Half a century ago, Belgian Zoologist Bernard Heuvelmans first codified cryptozoology in his book On the Track of Unknown Animals.

The Centre for Fortean Zoology (CFZ) are still on the track, and have been since 1992. But as if chasing unknown animals wasn't enough, we are involved in education, conservation, and good old-fashioned natural history! We already have three journals, the largest cryptozoological publishing house in the world, CFZtv, and the largest cryptozoological conference in the English-speaking world, but in January 2009 someone suggested that we started a daily online magazine! The CFZ bloggo is a collaborative effort by a coalition of members, friends, and supporters of the CFZ, and covers all the subjects with which we deal, with a smattering of music, high strangeness and surreal humour to make up the mix.

It is edited by CFZ Director Jon Downes, and subbed by the lovely Lizzy Bitakara'mire (formerly Clancy), scourge of improper syntax. The daily newsblog is edited by Corinna Downes, head administratrix of the CFZ, and the indexing is done by Lee Canty and Kathy Imbriani. There is regular news from the CFZ Mystery Cat study group, and regular fortean bird news from 'The Watcher of the Skies'. Regular bloggers include Dr Karl Shuker, Dale Drinnon, Richard Muirhead and Richard Freeman.The CFZ bloggo is updated daily, and there's nothing quite like it anywhere else. Come and join us...

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Monday, April 13, 2009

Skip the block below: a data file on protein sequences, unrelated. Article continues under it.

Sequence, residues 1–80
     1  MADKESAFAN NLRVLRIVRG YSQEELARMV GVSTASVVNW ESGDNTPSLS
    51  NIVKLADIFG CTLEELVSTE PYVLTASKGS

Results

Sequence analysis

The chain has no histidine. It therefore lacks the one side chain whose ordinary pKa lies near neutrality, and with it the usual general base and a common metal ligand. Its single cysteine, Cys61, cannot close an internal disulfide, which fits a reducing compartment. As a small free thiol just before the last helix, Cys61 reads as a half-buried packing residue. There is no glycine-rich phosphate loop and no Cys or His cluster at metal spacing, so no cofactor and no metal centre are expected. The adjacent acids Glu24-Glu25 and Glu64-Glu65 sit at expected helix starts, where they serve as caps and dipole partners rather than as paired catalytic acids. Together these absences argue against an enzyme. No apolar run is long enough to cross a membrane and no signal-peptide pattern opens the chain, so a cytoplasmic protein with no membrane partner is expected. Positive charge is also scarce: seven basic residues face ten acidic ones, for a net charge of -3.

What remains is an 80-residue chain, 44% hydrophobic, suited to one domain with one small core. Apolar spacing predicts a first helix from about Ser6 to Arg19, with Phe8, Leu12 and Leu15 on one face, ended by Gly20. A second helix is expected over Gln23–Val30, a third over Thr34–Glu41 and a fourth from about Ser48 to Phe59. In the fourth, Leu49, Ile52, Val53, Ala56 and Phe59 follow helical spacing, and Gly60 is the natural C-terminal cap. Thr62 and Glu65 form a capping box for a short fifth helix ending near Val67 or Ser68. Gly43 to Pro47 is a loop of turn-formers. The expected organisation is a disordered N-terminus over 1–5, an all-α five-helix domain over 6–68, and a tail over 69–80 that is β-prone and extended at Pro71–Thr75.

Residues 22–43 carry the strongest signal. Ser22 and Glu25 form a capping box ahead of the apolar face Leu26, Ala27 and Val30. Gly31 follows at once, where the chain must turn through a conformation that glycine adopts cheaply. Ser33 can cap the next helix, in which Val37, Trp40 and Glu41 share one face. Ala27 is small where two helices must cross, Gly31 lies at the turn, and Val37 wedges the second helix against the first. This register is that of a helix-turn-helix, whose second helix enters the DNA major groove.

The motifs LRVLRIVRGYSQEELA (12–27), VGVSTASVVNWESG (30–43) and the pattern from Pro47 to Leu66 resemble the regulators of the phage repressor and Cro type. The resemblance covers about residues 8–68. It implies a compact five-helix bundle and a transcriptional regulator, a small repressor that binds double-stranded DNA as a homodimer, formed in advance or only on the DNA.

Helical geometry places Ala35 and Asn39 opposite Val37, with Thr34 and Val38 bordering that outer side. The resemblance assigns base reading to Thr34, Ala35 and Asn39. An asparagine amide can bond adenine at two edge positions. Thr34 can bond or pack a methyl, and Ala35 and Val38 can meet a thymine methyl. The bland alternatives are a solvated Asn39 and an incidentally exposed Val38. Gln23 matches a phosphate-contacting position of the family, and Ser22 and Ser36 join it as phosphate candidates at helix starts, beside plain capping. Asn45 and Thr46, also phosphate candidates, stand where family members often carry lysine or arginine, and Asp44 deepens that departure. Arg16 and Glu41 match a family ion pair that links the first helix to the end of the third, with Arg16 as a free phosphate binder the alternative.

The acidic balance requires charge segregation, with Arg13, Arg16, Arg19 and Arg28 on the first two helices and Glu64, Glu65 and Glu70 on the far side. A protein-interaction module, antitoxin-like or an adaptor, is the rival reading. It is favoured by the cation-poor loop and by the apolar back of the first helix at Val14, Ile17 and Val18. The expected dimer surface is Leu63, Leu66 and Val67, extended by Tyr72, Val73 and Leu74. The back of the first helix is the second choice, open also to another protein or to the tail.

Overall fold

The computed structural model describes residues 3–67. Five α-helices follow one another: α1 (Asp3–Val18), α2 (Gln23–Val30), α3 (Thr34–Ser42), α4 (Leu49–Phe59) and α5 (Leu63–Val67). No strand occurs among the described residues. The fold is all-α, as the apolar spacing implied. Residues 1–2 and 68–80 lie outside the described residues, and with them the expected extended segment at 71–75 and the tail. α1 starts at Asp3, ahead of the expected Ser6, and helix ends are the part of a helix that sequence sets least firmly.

From Glen Vaudrey:


When I saw the picture a couple of days ago, I remembered straight away where I had seen it before: Fortean Times issue 93 December 1996 pages 36 & 37. Even then I thought it was a model stood in a pond; it's the pond weed and grass that give an indication to the size of the creature - at a guess around 6 inches tall.

Having studied the pictures in a little more detail, I am confident that I could make one and have it photographed for a CFZ exclusive in less than two weeks.....

Take care


I am really enjoying this saga, and have no idea where it will end. I hope that Glen manages to fake-up an approximation of the same picture. I, too, had my suspicions that some of the vegetation in the left hand rear of the picture was lemna sp duckweed. Maybe it is a mini-water-blackfella...

1 comment:

stormwalkernz said...

apparently its a photo that originated from Wild Creek in the US, obtained by a park ranger near Mt Rainier Washington, on July 11 1995. It is said several photos werte taken and this was the best of the group of snaps.

Tony Lucas